Iceland review - 2002, Blaðsíða 67

Iceland review - 2002, Blaðsíða 67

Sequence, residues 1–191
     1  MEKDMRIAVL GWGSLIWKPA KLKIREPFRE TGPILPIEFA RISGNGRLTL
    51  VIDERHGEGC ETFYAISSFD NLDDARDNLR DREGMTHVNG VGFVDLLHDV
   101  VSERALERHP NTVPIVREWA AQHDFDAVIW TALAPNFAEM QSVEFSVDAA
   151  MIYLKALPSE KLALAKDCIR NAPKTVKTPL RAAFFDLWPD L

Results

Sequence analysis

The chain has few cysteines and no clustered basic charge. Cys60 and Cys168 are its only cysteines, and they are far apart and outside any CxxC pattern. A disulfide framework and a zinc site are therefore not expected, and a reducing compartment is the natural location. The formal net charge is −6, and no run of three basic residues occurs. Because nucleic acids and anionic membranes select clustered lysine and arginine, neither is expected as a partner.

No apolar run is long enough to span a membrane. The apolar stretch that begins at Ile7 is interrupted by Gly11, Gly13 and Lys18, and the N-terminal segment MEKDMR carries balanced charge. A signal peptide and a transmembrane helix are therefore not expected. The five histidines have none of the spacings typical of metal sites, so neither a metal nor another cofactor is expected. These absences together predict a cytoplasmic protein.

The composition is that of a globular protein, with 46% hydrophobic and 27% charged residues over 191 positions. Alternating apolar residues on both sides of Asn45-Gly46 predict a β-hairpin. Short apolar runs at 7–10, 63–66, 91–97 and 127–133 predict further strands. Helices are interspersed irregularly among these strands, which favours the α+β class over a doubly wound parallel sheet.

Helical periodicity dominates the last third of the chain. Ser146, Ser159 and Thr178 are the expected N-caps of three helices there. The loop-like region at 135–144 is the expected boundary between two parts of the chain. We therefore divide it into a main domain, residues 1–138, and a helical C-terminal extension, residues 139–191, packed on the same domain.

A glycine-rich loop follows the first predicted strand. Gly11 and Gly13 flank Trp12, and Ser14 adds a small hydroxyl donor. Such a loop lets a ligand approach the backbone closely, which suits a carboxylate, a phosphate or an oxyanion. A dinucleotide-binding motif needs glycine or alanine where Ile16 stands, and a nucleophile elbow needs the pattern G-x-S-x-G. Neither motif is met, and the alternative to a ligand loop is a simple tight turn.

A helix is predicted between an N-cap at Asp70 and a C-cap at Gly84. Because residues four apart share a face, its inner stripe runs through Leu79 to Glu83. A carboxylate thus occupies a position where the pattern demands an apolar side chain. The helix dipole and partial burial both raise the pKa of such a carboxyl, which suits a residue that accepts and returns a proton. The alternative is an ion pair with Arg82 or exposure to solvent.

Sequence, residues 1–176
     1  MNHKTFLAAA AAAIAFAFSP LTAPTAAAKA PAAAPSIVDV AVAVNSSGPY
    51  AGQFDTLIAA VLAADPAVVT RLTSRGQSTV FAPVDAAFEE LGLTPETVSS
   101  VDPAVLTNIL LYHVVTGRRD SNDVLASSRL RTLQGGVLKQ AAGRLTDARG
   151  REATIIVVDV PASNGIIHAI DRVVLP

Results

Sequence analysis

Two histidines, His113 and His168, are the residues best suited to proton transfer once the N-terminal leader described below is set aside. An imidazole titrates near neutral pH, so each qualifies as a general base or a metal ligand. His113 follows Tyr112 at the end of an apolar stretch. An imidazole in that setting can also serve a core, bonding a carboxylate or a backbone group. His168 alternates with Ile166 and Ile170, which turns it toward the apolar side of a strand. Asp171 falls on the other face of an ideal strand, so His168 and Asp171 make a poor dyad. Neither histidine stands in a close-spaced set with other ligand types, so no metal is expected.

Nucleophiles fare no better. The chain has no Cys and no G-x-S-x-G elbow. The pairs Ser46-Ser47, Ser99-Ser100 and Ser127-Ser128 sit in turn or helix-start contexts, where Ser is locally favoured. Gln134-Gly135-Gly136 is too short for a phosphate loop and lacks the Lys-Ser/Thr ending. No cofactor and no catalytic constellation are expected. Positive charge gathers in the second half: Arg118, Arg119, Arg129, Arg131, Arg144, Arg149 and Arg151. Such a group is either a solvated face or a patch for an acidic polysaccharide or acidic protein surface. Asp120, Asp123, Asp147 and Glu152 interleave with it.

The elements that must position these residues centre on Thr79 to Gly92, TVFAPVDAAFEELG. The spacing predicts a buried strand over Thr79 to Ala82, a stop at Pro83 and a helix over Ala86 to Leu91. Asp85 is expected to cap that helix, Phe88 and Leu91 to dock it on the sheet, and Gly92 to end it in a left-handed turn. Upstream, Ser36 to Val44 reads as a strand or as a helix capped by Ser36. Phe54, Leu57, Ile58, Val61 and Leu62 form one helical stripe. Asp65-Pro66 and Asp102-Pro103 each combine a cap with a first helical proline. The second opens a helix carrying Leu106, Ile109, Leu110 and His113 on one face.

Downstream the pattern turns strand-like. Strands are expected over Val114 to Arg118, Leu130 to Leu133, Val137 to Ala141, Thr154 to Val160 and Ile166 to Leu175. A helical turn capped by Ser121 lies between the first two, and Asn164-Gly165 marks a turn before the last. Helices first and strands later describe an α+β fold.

ICELAND REVIEW 65 I N T E R V I E W quotas for individual vessels. Its objective is to promote the conservation and efficient utilisation of marine resources to ensure sta- ble employment and settlement throughout the country. The main advantage of Icelandic fisheries management is its eco- nomic efficiency. Progressive enterprises have chosen to invest in harvest rights. Harvest rights have been transferred to those who exploit them most efficiently. Trading in quotas has encouraged speciali- sation in processing. This economic effi- ciency is extremely important for a nation so dependent on its fisheries.” Iceland was the first country to adopt a system based pri- marily on ITQs (individual transferable quotas), and the system has worked well in keeping the total catch within the deter- mined limits. As a result, the condition of fish stocks has improved and profitability in the fishing industry has increased as trading in quotas for different species has allowed firms to specialise and increase efficiency. “The quota system has served well in keeping the catch within previously deter- mined limits. The actual total catch is quite transparent since, with very minor excep- tions, all catches are landed in Iceland. Regarding individual fish stocks, the most important achievement in recent years has, without doubt, been the protection and strengthening of the cod stock, the most important of the Icelandic commercial stocks. This has been achieved using the precautionary approach to fisheries man- agement.” On the forefront internationally “Iceland is primarily a food-producing country and has, throughout its history, sought to be as self-sufficient in its domes- tic food provision as natural conditions have allowed. Iceland is still dependant, to an almost unparalleled extent, on fisheries for its livelihood. There is universal concern about overfishing and the state of fish stocks, and understandably so, in light of the importance of fisheries to world securi- ty. Fish is, after all, the prime source of ani- mal protein for some one billion people in the developing world.” Worldwide, the modern day expectations of the fisheries include not only sustainable utilisation of marine resources and the precautionary approach to fishing, but also responsible handling of the catch, quality assurance in processing, and safe and healthy products. “The Icelandic government and the fish- ing industry also call for responsibility in the fishing industry based on the premise that sustainable development in the fisheries is vital for the industry and the nation alike, not only in its biological sense, but also in economic terms.” Iceland has actively contributed to the framework of international law for fish- eries, as well as regional conservation and management. “Icelanders have made it a point of considerable emphasis to be in the forefront internationally, firstly with the efforts to extend fisheries jurisdiction and in promoting the United Nations Convention on the Law of the Sea. Following up on this, we aimed at promoting conservation and responsible exploitation of fish stocks and now, most recently, we have adopted the aim of responsible harvesting of marine resources. The dominant aspect here is not only to prevent over-exploitation, but to ensure balanced harvesting. Thus, some marine species should not be over-exploit- ed, while others are protected at the cost of those already subject to over-exploitation. Last October, the UN Fisheries and Agricultural Organisation, FAO, held, in co- operation with the Icelandic government and with support from the government of Norway, a very successful conference in Reykjavík on Responsible Fisheries in the Marine Ecosystem. The conference’s clos- ing statement, known as the Reykjavík Declaration, outlined this policy in very clear terms.” Increasing value of seafood Recent health concerns about meat in Europe are likely to further increase the value of seafood. “Health issues are directly and indirectly linked to the increasing value of marine products. Fish is a very healthy food. At the same time, it is a delicate prod- uct, needing careful handling and easily damaged if not treated properly. Recently, dioxin, dioxin-like PCB and PCBs have been in focus. There is no way of reducing these substances in fish other than by sub- stantially reducing these emissions in the environment. We know that fish consump- tion is good for us and consumers must be informed of the positive aspects of fish con- sumption, which more than balance out the negative effects of dioxins and other con- taminating substances in almost all areas.” The Icelandic Seafood Exhibition, held this September, is extremely important to the industry. “The exhibition has been run- ning every three years since 1984 and has been a success with both exhibitors and vis- itors. More than 800 companies from 35 countries show their products, and the exhi- bition covers every aspect of the commer- cial fishing industry. In connection with the exhibition, the Ministry of Fisheries will be hosting a seminar on the utilisation of marine resources in the light of technical evolution in fisheries and fish processing. The seminar will take place on 6 September at the Smáraskóli school auditorium, right next to the exhibition area, and I would like to encourage all those attending the exhibi- tion to come to the seminar.” Anna Margrét Björnsson is a staff writer. “Rapid advances in Icelandic fisheries have been accompanied by the development of manufacturing and service industries that draw on a long history of experience in the practical needs of fishing and fish processing operations.” 61 IR302 - Iceland Businesbs-rm 2.9.2002 13:38 Page 65
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